Though Gran’s land is mostly wet, there’s solidness, too. My eyes trace the long path that cuts the property between Gran and Mr. Cadwell in half. I’m expecting to see nature—the kinds of birds Dad and Mom study, snakes, grass, and forever sky—the same things I’ve seen every morning since moving here with Dad and Mom to help Gran, who’s ailing but doesn’t like to admit it.
I get halfway down the path with my stare before my eyes snag on something. A serving spoon falls from my hand with a clatter into the sink.
“Who,” I whisper, “is that?”
Across the way stands a boy. He’s staring at me, wearing a twisted grin like he knows me. The wind ruffles his depths-of-the-ocean black hair. He’s wearing a dark shirt and dark jeans, and I cannot tear my eyes from his.
Gran hobbles over and looks out the window. “What is he doing so close to our side?”
“You know him?” I ask.
I can’t stop staring out the old weathered screen.
“Hell right, I do. Grandson of the evil next door. Trouble in living form. Someone oughta hand that boy a Bible. Change his life forever and ever, amen.”
Gran curses a lot. “Hell” is her favorite word.
“Hell, you’d better look away first,” Gran says. “B’fore he snares you for good.”
I wonder if she’s right. I want to look away first. Okay, that’s a lie. I don’t want to look away at all.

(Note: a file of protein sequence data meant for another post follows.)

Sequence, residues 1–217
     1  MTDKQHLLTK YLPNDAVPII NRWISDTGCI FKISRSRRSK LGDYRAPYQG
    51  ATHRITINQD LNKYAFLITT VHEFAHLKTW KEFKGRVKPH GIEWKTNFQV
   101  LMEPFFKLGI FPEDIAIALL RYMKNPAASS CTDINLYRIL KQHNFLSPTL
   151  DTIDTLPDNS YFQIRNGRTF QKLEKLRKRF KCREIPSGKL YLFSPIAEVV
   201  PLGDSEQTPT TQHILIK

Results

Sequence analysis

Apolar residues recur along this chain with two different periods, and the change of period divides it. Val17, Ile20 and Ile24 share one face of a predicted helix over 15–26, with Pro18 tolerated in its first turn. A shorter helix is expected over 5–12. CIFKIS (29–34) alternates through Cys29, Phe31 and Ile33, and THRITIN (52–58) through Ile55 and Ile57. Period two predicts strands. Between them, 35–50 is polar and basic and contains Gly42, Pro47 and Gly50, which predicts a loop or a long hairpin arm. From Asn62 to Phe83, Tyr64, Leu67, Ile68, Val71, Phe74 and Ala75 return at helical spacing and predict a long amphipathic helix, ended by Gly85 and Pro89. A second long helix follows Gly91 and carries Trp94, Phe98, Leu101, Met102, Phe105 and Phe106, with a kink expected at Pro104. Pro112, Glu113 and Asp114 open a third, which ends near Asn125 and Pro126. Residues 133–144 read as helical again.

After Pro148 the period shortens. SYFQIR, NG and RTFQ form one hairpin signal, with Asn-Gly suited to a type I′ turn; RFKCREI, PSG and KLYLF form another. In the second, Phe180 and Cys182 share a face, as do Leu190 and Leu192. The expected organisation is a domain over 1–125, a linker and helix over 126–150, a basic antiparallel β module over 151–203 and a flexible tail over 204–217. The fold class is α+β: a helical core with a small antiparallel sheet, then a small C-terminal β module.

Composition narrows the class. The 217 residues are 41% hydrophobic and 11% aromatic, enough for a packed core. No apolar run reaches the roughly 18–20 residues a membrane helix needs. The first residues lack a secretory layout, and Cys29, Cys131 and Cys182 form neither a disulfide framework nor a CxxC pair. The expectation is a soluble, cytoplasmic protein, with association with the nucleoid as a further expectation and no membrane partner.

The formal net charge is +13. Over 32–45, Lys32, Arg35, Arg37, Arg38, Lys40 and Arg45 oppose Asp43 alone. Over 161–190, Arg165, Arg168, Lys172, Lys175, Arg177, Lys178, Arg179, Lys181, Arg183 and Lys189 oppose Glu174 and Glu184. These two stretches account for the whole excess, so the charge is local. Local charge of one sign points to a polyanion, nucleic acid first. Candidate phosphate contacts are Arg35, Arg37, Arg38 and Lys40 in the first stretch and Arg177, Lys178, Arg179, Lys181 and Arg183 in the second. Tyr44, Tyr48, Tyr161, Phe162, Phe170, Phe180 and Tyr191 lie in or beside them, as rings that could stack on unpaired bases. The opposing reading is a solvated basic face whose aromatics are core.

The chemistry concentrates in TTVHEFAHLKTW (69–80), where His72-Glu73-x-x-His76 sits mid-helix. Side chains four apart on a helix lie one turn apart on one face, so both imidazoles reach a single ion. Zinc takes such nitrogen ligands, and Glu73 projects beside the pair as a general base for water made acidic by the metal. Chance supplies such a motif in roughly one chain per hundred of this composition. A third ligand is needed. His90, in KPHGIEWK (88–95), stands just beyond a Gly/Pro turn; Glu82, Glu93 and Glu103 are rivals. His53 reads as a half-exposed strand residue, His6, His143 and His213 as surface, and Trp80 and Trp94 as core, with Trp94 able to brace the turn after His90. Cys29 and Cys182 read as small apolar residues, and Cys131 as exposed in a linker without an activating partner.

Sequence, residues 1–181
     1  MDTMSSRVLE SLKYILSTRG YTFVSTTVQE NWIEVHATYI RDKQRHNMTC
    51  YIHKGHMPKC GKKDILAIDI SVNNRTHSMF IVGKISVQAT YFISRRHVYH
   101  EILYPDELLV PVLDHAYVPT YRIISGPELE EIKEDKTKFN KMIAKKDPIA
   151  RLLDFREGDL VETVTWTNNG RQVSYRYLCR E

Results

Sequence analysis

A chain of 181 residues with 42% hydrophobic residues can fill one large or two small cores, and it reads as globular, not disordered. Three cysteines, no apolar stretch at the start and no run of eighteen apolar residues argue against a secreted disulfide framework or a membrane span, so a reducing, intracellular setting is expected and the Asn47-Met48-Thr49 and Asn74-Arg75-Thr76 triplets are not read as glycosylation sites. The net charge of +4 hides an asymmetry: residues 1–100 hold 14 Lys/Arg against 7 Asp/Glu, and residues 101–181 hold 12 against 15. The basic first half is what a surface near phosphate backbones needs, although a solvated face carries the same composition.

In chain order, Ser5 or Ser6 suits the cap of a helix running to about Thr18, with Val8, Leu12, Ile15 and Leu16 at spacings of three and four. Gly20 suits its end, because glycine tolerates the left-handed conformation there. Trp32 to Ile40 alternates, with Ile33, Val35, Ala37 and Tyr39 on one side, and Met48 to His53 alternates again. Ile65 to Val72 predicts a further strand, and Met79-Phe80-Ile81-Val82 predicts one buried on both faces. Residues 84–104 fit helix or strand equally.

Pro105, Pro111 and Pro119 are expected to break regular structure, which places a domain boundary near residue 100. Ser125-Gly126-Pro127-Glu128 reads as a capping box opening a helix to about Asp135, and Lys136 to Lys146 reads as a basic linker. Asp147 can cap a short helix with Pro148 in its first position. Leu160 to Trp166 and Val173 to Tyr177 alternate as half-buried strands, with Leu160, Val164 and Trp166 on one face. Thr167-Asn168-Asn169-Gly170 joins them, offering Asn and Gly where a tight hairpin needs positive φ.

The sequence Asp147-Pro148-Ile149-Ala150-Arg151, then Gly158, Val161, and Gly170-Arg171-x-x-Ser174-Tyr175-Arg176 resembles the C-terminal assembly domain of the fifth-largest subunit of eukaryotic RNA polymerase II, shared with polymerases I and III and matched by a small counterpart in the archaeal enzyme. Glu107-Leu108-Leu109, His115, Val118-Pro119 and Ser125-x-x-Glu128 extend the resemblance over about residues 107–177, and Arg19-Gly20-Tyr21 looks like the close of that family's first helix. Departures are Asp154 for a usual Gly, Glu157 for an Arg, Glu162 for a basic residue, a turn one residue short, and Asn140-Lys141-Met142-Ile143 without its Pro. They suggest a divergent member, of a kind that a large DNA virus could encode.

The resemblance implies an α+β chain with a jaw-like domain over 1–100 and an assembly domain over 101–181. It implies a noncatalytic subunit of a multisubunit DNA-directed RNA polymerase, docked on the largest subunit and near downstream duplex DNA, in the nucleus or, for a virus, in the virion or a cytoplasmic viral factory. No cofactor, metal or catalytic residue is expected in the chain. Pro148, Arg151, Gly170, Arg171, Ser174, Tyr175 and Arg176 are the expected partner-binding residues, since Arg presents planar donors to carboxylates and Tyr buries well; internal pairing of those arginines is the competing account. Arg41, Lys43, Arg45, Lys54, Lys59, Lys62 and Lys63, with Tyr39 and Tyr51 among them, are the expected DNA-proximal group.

“Mother!” Dad’s voice enters the room a moment before he does. “Did I just hear you cursing around Willow again?”
I rip my eyes away—though it’s hard—to see Dad clad in shorts and a T-shirt, ready for another day of observation. He and Mom are ornithologists, scientists who study birds. Mom follows Dad into the kitchen and takes a seat at the table; her strawberry-blond hair is braided and slipped through the adjustable hole in her hat. Dad’s hair is like Gran’s and mine, his eyes, too. Mom’s eyes are blue, and I’m secretly glad mine are not. I enjoy being like Gran.
“It’s not good to curse around her; she’s only seventeen,” Dad continues.
In Florida, Dad and Mom studied birds so much that I hardly ever saw them. Here’s no different, but at least now I have Gran to keep me company.
“Doesn’t matter, and you know it,” Gran says. “A heart is a heart is a heart. A few words here and there won’t change that.”
My stare goes to the window again. The boy is gone.
“Quit looking for that boy, you hear?” Gran says, knowing.
“I’m not looking for him,” I reply. But I’m a lying liar.
“What boy?” Dad asks.
I join him and Mom at the table.
“No one,” my lying self answers.
“Stop thinking about him,” Gran says.
“I’m not!” I say, frustrated. But only because she knows me so well that I can’t hide myself from her.
Clearly Gran isn’t a fan. We drop it and eat our breakfast, Dad and Mom jabbering about some new species of bird they think they’ve discovered. Gran watching me like a hawk. And me wondering about the gorgeous black-souled, trouble-in-living-form grandson of the evil next door.